That's the appeal for Dresden teen Jens Legles. "We know the actors, we have a connection to them," he says. "And Dresden's not so far from Berlin [where many German shows are filmed], so maybe you'll see them sometime."
Instead of flying over events like New York's Macy's Thanksgiving Day Parade, the AK1 chopper in "Helicops" makes low passes over Berlin's annual Love Parade, as its heroes thwart criminals counterfeiting not dollars, but euros. And the hero of "Gasoline in the Blood" races past Berlin's Friedrich Palace Theater, not Lincoln Center.
But while meeting German viewers' demands for familiarity, many programs still tend to be repackaged ideas across the pond. "You don't make 'ER' or 'Chicago Hope,' but you make 'Operating Room,' 'Calling Dr. Bruckner,' or 'Nurse Stephanie,'" says Beck, pointing to a trio of German medical dramas. "More or less, they're pinched American products," says Beck of many German shows.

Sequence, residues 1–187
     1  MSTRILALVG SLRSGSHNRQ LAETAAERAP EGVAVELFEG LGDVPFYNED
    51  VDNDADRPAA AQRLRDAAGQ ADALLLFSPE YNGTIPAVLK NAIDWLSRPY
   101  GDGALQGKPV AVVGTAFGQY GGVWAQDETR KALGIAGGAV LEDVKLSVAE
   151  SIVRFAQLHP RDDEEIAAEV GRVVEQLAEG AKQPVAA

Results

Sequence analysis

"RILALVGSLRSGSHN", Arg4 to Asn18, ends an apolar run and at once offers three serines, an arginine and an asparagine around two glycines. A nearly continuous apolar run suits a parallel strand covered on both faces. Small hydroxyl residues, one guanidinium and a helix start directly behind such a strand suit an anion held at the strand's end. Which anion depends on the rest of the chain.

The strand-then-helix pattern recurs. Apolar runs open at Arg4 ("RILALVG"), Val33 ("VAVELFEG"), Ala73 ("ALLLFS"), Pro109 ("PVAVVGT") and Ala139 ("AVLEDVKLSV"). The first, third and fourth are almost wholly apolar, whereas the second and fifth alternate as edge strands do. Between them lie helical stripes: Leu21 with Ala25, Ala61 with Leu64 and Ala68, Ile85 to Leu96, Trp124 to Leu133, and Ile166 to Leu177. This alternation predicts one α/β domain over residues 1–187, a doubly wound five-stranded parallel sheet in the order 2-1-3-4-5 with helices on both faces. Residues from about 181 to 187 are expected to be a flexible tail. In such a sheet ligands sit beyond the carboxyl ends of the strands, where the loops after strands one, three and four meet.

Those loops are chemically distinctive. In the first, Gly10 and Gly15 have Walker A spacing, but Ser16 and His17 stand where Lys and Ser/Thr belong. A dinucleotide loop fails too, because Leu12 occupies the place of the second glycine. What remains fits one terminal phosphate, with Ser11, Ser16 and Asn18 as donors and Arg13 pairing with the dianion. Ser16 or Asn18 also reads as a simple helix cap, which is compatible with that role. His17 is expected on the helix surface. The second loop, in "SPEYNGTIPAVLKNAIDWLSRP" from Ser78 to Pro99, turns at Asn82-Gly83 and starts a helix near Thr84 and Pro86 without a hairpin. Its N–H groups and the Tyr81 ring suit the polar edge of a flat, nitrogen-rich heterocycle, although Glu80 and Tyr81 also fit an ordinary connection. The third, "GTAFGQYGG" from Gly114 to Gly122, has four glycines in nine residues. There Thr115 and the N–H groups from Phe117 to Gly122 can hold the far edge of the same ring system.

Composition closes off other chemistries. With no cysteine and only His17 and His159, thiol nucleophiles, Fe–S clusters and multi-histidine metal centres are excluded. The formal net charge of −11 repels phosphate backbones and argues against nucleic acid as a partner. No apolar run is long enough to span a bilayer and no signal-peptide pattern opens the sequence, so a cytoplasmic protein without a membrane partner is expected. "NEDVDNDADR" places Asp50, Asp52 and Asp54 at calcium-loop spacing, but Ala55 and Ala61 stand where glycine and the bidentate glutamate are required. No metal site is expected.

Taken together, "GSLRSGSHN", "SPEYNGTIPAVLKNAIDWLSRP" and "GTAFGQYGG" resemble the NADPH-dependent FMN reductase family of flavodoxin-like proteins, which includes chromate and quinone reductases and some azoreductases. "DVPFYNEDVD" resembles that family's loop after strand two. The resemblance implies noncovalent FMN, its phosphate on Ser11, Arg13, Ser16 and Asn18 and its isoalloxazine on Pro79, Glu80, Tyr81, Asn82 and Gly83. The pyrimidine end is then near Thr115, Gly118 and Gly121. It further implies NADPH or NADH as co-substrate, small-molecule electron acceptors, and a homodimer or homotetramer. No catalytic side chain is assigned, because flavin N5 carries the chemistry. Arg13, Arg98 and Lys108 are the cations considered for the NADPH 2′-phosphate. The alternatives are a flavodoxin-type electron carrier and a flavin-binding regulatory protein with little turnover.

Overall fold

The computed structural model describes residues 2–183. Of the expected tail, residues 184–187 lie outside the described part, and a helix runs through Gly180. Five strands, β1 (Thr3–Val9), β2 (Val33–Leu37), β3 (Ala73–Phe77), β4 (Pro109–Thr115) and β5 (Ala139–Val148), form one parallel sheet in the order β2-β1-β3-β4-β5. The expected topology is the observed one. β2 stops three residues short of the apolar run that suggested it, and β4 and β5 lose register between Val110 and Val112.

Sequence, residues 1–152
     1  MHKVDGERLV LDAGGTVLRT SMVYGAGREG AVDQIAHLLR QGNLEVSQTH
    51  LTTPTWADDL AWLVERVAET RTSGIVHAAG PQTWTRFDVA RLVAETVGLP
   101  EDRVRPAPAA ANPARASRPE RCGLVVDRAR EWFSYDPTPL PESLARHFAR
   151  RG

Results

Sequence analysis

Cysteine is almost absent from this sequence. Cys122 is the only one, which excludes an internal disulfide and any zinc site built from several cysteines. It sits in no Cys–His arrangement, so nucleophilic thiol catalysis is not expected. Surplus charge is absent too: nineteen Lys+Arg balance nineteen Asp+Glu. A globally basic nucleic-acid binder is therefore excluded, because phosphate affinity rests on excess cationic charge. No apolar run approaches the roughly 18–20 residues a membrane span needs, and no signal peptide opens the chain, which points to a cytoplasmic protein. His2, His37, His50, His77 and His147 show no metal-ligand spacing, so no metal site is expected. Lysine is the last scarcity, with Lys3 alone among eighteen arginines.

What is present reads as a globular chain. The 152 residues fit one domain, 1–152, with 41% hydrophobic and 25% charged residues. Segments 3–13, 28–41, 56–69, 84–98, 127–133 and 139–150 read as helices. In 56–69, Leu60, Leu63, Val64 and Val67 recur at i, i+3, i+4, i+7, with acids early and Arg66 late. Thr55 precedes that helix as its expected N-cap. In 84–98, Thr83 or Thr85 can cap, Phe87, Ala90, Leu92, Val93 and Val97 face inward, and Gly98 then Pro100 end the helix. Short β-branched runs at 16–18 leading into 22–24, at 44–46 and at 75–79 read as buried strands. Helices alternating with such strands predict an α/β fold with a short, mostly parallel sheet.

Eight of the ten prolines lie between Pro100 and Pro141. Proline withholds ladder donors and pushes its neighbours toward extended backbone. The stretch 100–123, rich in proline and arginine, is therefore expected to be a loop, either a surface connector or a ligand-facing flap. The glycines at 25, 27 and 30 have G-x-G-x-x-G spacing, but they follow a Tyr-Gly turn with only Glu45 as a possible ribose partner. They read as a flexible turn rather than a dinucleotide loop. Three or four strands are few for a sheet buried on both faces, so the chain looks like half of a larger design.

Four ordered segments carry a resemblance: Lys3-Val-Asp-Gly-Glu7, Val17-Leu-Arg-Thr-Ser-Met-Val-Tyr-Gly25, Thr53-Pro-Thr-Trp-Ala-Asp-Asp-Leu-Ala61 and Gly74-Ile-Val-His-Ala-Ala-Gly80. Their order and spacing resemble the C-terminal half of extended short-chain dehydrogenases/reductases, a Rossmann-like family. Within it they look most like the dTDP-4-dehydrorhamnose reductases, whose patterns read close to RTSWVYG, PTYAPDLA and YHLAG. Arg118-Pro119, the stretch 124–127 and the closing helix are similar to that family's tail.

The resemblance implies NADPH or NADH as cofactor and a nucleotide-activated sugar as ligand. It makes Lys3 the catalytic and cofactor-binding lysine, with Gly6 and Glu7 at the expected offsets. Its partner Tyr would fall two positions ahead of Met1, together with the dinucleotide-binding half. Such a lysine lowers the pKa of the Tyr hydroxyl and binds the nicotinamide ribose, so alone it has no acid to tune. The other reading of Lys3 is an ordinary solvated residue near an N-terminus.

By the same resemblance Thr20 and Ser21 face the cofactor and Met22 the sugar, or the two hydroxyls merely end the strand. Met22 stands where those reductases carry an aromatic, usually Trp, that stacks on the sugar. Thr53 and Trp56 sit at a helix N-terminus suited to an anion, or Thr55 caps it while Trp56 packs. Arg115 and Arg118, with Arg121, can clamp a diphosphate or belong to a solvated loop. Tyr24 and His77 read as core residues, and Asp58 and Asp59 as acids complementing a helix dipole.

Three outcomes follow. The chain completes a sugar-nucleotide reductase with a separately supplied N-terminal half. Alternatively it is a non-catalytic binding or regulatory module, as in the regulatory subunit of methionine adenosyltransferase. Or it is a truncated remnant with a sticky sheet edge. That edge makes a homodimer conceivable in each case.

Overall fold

Markus Grobecker, who produces a medical series called "Stefan Frank - the Doctor Women Trust," says that "the old Continent reacts a lot to what happens in America." He adds that what is tried in Europe largely depends on whether the concept flopped or scored in the US.
The Australia connection
Duplicating a trend from earlier decades, when US producers sometimes borrowed British ideas before exporting them back to Europe, an Australian production company, Grundy, has repackaged some of its daily soaps for the European market.